But the new capacity installed and commissioned in 2013 was about the same as in 2010, and that was generally regarded as a good year. Our report's headline then was: Wind bucks the downturn.
What has changed is where that growth is being generated. In 2013 China alone accounted for nearly 42% of new global wind capacity, practically as much as Europe (33%) and North America (10%) combined. Wind power figures from China often come with a warning attached — may not be connected to the grid. But all the signs are that China is getting to grips with its transmission problems.
A major high-voltage transmission line is being constructed to bring power from the remote north-west regions to the more populous south. And, from this year, more than 60% of the projects in the pipeline will be built in the central and southern regions, closer to electricity demand. China is planning its wind power, not just building it.
Failure to plan ahead accounted for the huge slump in new capacity installed in the US last year, with developers simply riding the year out until the production tax credit kicked in again.
Growth in Europe stood up pretty well overall, led by Germany and the UK, and it was notable that the emerging markets of Poland, Turkey and Romania all added more capacity in 2013 than the mature markets of France, Spain and Italy.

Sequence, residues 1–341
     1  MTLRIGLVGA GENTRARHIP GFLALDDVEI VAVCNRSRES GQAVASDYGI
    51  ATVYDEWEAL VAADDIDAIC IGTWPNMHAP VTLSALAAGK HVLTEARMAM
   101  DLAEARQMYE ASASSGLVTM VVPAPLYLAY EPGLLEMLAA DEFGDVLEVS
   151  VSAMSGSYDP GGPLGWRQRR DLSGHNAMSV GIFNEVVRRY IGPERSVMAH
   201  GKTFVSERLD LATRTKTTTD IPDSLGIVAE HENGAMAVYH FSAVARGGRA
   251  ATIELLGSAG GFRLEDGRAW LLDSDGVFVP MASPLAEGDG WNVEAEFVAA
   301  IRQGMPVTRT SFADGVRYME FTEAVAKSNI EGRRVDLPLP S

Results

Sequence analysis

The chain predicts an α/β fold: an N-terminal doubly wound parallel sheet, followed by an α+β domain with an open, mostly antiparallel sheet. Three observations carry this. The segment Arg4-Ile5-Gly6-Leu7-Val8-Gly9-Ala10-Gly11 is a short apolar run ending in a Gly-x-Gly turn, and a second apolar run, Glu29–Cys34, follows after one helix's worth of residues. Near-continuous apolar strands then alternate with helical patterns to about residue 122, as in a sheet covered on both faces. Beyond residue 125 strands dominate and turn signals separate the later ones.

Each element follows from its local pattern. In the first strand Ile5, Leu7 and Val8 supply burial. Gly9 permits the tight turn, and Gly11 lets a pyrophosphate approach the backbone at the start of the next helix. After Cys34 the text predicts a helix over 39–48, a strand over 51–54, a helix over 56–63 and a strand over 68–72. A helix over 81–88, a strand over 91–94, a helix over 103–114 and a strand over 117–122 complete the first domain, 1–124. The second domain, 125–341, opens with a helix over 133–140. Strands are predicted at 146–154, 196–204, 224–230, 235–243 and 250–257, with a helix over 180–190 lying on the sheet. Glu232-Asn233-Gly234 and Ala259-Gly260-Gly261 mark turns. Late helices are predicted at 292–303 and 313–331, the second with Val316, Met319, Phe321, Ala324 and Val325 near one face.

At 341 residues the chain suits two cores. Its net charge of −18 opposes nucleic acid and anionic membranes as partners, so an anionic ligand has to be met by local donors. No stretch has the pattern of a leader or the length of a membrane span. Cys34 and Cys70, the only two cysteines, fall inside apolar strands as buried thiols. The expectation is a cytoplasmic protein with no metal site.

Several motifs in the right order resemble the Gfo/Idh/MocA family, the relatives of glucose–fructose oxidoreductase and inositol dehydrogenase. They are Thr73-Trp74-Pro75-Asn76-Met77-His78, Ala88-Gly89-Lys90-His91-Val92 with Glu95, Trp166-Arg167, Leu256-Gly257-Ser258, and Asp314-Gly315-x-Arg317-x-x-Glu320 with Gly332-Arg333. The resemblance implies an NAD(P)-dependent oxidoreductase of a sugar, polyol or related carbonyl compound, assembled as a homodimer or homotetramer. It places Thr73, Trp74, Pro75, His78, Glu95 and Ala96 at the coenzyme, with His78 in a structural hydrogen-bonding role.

That trend was not lost on the wind industry leaders and managers, gathered for the European Wind Energy Association's (EWEA) annual conference in March, and all keen to discuss strategies for survival in a climate of slow growth in mature markets. More compact than last year's event, and held in Spain where new installations have fallen off the proverbial cliff, the mood among wind's movers and shakers was nonetheless positive.
No one denied it had been a tough year. Vestas' CEO reported on business changes that have been harsh on its workforce, divesting factories and focusing on pure manufacturing practice. Other leaders talked of strategies that moved in the opposite direction, bringing in-house services such as operations and maintenance, or incorporating other renewable energies into their business plans, or separating into onshore and offshore divisions.
The Barcelona sunshine may have helped lift the mood, but Europe's wind business also looked leaner, fitter and more adaptable to change than at last year's EWEA event. Could this be an industry that has learned to live with policy uncertainty and political instability, and one that is getting on with the job of managing assets rather than obsessing over new installations?
What will growth be like this year? Our predictions suggest that for the three mature regions, it will be better than last year, significantly so in the US. But whatever the graph will look like, this year's map on page 24 shows a well-established industry, generating an increasing amount of clean electricity from over 300GW of installed capacity. That all needs to be cared for, improved and updated — which is a business in itself.
Jacki Buist is editor of Windpower Monthly
Asia Pacific leaves others behind
Wind installations in the major wind regions over the past five years (GW)